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Is 49ers’ Kyle Juszczyk a Hall-of-Famer? Or is he just the NFL’s last great fullback?

Chris Wilson
Jul 2, 2024 at 6:30 AM

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Does 49ers running back Kyle Juszczyk deserve a spot in the Hall of Fame? Or will his eventual retirement mark the end of the modern NFL fullback?

The NFL writers at CBS Sports recently examined the Hall-of-Fame prospects of 12 current NFL players who have Hall-of-Fame aspirations but whose cases are not as clear-cut as some of their peers. Author Bryan DeArdo and eight of his CBS Sports colleagues voted on whether each player's career is currently Hall-of-Fame worthy, with five of nine potential votes required for hypothetical induction.

To be considered, each player had to be currently on a roster and have a total of at least eight NFL seasons under his belt. 49ers fullback Kyle Juszczyk made the group's initial list but wasn't voted through. But perhaps more interesting is how his peers fared in comparison:

We'll start with CBS Sports' inductees:

Mike Evans: 7 votes
Derrick Henry: 7 votes
Tyreek Hill: 7 votes
Cameron Jordan: 7 votes
Davante Adams: 6 votes

There were no unanimous picks, and no players barely squeaked in. Titans running back Derrick Henry leading the list is a bit of a surprise; I assume he would need to continue at his current pace into his 30s for strong consideration. Devante Adams receiving fewer votes than both Tyreek Hill and Mike Evans is also curious.

In the eyes of CBS Sports, the following players fall short and still have something to prove:

Cameron Heyward: 4 votes
DeAndre Hopkins: 4 votes
Jalen Ramsey: 3 votes
Matthew Stafford: 3 votes
Kyle Juszczyk: 2 votes
Russell Wilson: 2 votes
Keenan Allen: 1 vote

DeAndre Hopkins misses the cut due to his lackluster post-Houston career, and while Keenan Allen doesn't deserve a spot in the Hall, the vote disparity between Allen and his fellow receivers is far more substantive than their differences on the playing field.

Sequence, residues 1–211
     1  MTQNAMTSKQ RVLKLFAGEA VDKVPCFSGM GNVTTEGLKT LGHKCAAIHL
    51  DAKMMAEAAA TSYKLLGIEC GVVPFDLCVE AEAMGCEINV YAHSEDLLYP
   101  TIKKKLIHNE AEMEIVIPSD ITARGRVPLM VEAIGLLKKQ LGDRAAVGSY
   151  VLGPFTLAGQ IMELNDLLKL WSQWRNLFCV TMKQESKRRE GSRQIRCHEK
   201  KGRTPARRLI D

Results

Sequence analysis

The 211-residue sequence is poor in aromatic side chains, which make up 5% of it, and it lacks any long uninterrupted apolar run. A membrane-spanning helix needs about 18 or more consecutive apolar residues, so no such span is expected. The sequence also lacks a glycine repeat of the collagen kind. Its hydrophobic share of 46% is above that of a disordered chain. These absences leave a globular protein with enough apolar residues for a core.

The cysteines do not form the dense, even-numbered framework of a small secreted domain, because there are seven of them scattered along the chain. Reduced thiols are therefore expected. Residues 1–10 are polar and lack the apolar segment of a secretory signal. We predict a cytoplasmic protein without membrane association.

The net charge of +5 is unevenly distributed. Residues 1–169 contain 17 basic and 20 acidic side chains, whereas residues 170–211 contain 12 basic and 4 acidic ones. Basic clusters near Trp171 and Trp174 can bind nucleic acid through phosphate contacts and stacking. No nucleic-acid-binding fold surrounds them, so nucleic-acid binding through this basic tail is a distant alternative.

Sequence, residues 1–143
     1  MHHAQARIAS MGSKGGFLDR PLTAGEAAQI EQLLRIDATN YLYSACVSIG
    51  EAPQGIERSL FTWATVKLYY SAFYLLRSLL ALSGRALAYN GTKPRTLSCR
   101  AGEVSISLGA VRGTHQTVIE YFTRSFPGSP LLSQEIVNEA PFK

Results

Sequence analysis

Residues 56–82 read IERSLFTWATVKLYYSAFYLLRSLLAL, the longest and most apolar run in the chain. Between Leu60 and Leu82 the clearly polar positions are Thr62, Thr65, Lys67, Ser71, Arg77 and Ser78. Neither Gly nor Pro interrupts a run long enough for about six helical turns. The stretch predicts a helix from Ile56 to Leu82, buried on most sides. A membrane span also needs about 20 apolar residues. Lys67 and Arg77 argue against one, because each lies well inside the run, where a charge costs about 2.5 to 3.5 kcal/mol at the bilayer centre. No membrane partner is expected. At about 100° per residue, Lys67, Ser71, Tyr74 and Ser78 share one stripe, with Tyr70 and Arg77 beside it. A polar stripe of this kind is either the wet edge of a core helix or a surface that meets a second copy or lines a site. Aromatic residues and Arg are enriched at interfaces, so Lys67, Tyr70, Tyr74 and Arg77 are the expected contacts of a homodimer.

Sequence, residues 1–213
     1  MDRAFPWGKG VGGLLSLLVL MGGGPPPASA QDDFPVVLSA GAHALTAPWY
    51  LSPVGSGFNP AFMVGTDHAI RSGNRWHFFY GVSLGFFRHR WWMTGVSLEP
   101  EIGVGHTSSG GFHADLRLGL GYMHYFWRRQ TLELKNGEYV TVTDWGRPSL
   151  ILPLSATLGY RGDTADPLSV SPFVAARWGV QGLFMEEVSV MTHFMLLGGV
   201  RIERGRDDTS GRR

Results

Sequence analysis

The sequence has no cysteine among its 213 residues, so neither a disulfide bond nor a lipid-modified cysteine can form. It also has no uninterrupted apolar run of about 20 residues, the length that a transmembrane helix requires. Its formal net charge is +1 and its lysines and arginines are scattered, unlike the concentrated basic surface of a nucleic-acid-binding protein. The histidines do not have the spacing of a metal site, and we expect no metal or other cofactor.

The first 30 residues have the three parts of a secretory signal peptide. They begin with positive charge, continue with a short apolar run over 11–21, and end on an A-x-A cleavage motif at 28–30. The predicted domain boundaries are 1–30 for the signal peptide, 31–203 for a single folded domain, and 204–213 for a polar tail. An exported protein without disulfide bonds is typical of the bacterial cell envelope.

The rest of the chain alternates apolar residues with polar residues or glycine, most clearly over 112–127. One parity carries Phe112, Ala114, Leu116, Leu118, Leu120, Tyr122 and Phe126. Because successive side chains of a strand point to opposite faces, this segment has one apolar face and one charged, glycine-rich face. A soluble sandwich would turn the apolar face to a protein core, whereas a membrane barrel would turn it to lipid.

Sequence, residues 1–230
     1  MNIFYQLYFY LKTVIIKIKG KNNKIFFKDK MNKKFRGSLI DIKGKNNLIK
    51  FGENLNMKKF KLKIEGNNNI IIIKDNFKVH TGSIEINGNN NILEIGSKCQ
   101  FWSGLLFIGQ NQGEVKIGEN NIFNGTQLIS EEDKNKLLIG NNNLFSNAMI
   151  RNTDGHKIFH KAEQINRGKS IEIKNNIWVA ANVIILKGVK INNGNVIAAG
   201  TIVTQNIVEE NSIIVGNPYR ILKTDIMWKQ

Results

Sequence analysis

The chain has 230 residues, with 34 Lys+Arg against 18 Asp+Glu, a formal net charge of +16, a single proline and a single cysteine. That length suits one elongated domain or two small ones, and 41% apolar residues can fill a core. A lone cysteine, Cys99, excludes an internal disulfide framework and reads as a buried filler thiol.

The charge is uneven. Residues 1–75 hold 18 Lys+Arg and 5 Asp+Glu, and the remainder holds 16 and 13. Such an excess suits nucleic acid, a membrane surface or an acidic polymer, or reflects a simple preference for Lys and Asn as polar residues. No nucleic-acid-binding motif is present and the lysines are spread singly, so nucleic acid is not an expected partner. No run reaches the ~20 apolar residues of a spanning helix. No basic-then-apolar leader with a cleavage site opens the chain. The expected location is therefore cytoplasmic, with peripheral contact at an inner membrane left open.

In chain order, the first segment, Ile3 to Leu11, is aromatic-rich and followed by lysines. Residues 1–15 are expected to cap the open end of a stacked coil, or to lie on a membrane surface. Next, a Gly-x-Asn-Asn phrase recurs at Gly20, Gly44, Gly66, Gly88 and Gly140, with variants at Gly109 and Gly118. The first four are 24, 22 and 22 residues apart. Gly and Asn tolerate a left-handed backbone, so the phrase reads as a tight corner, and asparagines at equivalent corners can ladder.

While I agree with Stafford's snub, I'm a little surprised the writers were on the same page, although there's a very strong case to be made that Russell Wilson has the superior NFL career.

49ers Kyle Juszczyk, Hall-of-Famer?

"Juice" managed to tally two of nine potential votes, which is impressive in itself. As CBS Sports explained, "Juszczyk has the bona fides as an eight-time Pro Bowler and earned his first All-Pro in 2023. But no fullback has ever made the Hall of Fame without putting up some numbers, which is something Juszczyk doesn't have."

CBS Sports has a valid point regarding the fullback's lack of eye-popping statistics, but they leave out significant and necessary context: All of the NFL's Hall of Fame fullbacks played between the 1920s and the 1960s, with Dolphins running back Larry Csonka being the outlier as his career spanned into the 1970s.

Csonka was also named Most Valuable Player of Super Bowl VIII after a 145-yard, two-touchdown performance. Similarly, all of the other fullbacks in the Hall of Fame would be considered running backs—or halfbacks—in today's NFL.

The statement, "Jim Brown was one of the best fullbacks to ever play the game," doesn't quite flow off the tongue, but Brown was technically a fullback as well.

The position has obviously changed drastically over the years, and it continues to change. Less than half of the teams in the NFL used a fullback in 2023, and teams with fullbacks rarely used them in the traditional sense. When Juszczyk is on the field, he may start out at fullback, but he is sent in motion nearly half of the time.